Managing a team of freelancers can be a time suck. Unless you?ve done it several times, have the contacts and know who wills each role best, you?re going to be stuck figuring out a lot of logistics on the fly. You?re also managing scheduling of several different people, and freelancers book as much work as possible. You?d hate to have a multi-day shoot only to find out that one person isn?t available for 2 days in the middle of your desired shoot dates.

[/vc_column_text][/vc_column][/vc_row][vc_row full_width=”stretch_row_content”][vc_column][vc_column_text]Hiring an agency = Good advice.[/vc_column_text][/vc_column][/vc_row][vc_row][vc_column width=”5/6″ offset=”vc_col-sm-offset-1″][vc_column_text]

  1. In-House is Expensive.
    Finding and growing an internal team is time consuming and expensive. Talent is not a commodity and the field is becoming more competitive. Video production requires a lot of collaboration and personalities that don?t mesh well can be distractive and disastrous. You?ll also be in charge of defining your company?s mission and overarching goals with video.
  2. Buying Video Gear is a Poor Investment.
    Video production equipment and cameras are ever changing. Taking advantage of the latest tools that help tell your story are hugely important. The catch is that unless you use it on a regular basis it?s probably going to collect more dust than it?s used. And once you feel good about that investment being worthwhile there is probably a new tool that is better. Plus, if your videographer leaves the company who is going to know what to do with this equipment and how to operate it?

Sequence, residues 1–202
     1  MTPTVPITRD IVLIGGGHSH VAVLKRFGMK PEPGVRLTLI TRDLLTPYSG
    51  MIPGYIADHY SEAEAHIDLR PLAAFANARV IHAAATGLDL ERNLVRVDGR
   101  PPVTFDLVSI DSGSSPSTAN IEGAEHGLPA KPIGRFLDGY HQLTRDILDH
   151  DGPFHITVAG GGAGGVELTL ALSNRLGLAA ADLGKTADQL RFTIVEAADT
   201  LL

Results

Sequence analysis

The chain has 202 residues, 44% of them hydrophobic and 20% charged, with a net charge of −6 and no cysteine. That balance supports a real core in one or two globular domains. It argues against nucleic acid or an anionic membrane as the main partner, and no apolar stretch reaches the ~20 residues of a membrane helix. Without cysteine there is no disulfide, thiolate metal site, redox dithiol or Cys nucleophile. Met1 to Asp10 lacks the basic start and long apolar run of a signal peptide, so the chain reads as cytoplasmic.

3. Are you a storyteller?
    Do you have the skills and expertise to deliver your brand?s message in this medium? Are you aware of the precise differences from YouTube to Facebook to Instagram or Snapchat? Over the last 12 years, we have defined and iterated on our process to produce the most meaningful work with distribution in mind. Keeping up with what goes on behind the scenes to bring these stories to life is a full-time commitment.


Watch our commercial for Penny Skateboards, which we produced for Wasserman Creative group.

[/vc_column_text][/vc_column][/vc_row][vc_row full_width=”stretch_row_content”][vc_column width=”1/2″][vc_column_text]TV static, make sure your video has a clear message.[/vc_column_text][/vc_column][vc_column width=”1/2″][vc_column_text]A clear message is imperative for video. As are these 7 tips:[/vc_column_text][/vc_column][/vc_row][vc_row][vc_column width=”5/6″ offset=”vc_col-sm-offset-1″][vc_column_text]

  1. Originality